Stopped by the traffic police and threatened with a large fine — or worse, confiscation of your license — you contritely wait for the right moment to negotiate the price of a bribe, usually around $20. “As a driver, I deal with the traffic police all the time. They’re all corrupt. Absolutely every one is a bribe-taker.”

Bribery is an institution in Russia: students pay teachers for better grades, patients pay doctors for health care supposedly provided free by the state, families pay off draft boards to keep their sons out of military service.……

Former First Deputy Prime Minister Boris Nemtsov recently published a report about Moscow Mayor Yury Luzhkov, who he says funnels contracts to his wife, the head of a large construction firm that’s made her Russia’s richest woman.

“In any country in the world — the Czech Republic, Britain, Germany, even Italy,” he says, “it would be cause for a criminal investigation. Those two would be sitting in jail instead of City Hall. But not in Russia.”…more here

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European Court convicts Russia for kidnapping five Chechen residents in 2003

Posted by Info on 28/11/2009

At the European Court of Human Rights (ECtHR), Russia has lost another case to relatives of five residents of Chechnya kidnapped in 2003. Under the decision of the Court, the victims should get in total 215,000 euros of compensation.

 

The process was held on the claim of kidnapping Aslanbek Ismailov, Aslan Ismailov, Khizir Ismailov, Yusi Daidaev and Yaragi Ismailov. In January 2003, they were taken away from their homes in Achkhoy-Martan by armed people in camouflage. The decision says that the ECtHR has found the Ismailovs and Dadaev perished and defined the compensation of caused damage.

Relatives of the kidnapped persons accused special agencies of committing this crime. Having studied the circumstances of the cases, the Strasbourg Court has stated that the relatives of the claimants were secretly detained by Russian militaries.

The Russian authorities will have to pay 40,000 euros for the material damage, 175,000 euros for the moral damage and 5500 euros as compensation of court expenses.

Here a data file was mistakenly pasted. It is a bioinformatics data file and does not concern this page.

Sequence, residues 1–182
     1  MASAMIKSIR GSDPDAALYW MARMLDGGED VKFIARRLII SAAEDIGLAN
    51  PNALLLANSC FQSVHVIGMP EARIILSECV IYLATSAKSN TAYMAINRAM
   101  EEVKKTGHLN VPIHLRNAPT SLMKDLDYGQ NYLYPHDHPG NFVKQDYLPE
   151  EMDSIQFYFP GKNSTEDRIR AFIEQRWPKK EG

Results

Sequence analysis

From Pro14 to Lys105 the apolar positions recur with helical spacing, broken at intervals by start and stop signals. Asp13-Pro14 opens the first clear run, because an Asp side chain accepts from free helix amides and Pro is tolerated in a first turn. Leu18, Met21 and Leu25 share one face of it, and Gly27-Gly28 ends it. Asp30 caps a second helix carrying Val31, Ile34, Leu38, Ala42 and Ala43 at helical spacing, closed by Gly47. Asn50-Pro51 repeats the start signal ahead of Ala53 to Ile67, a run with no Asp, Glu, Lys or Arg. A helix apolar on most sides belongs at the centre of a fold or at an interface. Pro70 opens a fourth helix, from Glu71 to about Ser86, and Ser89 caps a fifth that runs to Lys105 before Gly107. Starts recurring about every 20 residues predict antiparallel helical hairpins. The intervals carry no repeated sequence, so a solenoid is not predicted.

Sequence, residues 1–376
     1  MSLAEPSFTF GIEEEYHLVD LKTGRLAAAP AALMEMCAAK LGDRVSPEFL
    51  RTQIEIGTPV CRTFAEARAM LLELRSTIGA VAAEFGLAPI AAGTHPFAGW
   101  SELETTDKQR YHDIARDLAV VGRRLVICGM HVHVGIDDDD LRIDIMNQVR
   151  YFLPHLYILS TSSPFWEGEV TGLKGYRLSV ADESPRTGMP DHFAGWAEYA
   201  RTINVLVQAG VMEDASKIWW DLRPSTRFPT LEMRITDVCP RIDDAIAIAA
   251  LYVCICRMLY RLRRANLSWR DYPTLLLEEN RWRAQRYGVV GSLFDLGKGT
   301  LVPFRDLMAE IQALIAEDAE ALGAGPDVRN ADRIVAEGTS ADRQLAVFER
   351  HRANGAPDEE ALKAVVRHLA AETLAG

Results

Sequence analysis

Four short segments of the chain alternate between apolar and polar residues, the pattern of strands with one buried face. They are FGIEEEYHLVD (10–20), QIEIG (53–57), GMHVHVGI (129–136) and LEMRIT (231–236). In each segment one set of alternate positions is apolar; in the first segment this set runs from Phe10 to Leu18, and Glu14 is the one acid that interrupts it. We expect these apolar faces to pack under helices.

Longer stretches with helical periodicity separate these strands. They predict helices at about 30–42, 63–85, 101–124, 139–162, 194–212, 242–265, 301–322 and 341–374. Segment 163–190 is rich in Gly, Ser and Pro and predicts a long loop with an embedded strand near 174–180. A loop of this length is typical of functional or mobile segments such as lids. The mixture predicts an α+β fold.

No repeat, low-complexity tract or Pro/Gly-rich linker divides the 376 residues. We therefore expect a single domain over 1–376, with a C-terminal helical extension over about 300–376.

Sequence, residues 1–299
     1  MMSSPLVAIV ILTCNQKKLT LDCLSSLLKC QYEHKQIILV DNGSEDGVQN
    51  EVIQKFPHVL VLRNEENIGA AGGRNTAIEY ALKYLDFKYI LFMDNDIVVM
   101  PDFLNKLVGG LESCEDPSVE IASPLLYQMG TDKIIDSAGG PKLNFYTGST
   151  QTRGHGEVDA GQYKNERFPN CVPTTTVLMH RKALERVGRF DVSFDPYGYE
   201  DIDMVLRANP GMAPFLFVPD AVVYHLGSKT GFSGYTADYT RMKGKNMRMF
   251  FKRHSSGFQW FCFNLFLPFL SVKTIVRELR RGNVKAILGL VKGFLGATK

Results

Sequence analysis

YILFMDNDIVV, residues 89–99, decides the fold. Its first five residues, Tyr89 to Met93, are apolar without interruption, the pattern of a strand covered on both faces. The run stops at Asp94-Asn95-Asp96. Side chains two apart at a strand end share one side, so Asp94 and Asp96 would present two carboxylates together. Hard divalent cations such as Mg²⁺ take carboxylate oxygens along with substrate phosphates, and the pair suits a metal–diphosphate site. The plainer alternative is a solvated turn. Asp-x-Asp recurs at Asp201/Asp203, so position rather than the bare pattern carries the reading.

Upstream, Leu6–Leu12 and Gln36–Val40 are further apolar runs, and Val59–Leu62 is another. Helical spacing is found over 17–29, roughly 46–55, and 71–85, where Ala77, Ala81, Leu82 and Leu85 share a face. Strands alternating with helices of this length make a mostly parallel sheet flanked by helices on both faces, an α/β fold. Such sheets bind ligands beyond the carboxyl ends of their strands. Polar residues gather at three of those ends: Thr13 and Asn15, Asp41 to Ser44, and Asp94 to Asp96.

On November 18, President of Russia Dmitri Medvedev said that the ECtHR has no right to impose any decisions on criminal prosecution on Russia. When the ECtHR decides on material compensations to Russian citizens, then, according to Mr Medvedev, “such decisions are fulfilled, as we are a member of this court,.

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Debate Over Police Reform Heats Up – Police At War With Its Own Citizens

Posted by Info on 28/11/2009

A spate of violence, including at least two fatal beatings this month, has left the Interior Ministry struggling to repair the image of the country’s already notorious keepers of the peace – police.

The latest blow was the revelation Thursday that a St. Petersburg citizen died in a hospital after suffering heavy stomach injuries. The 43-year-old died Nov. 12, a week after being rushed to the hospital because police beat him severely after responding to a drunken brawl in an apartment.

On Tuesday, three drunken Moscow police officers were detained after they beat an Abkhaz man to death, posing an early challenge to the city’s new police chief. His predecessor was sacked after a police major killed three and wounded six during a supermarket shooting rampage in April.

Human rights leaders widely criticized last week’s death of lawyer Sergei Magnitsky, who was jailed for almost a year in Moscow prisons awaiting trial on tax-evasion charges related to a dispute with the Interior Ministry.

But the debate only reached ­political prime time when Makarov, a deputy head of the Budget and Taxes Committee, told reporters Wednesday that the public felt the Russian police were waging a war against its own citizens.

“You can neither modernize nor reform the Interior Ministry. You can only abolish it,” Makarov said….more here

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Terror Attack Could Be Behind Nevsky Express Derailment

Posted by Info on 28/11/2009

An explosive device equivalent to 7 kg of TNT caused Friday evening’s deadly derailment of a train travelling from Moscow to St. Petersburg. Prosecutors have opened a criminal case on charges of terrorism.

At least 26 people were killed when three carriages of the Nevsky Express came off the rails near the town of Bologoye in the Tver Region, approximately halfway bewteen the capital and St. Peterrsburg.The luxury train, which can travel at 200 kilometers per hour (124 mph), was carrying some 650 passengers and 29 railroad employees.

A similar derailment, also caused by a blast, occurred on the same route in August 2007, injuring 60 people.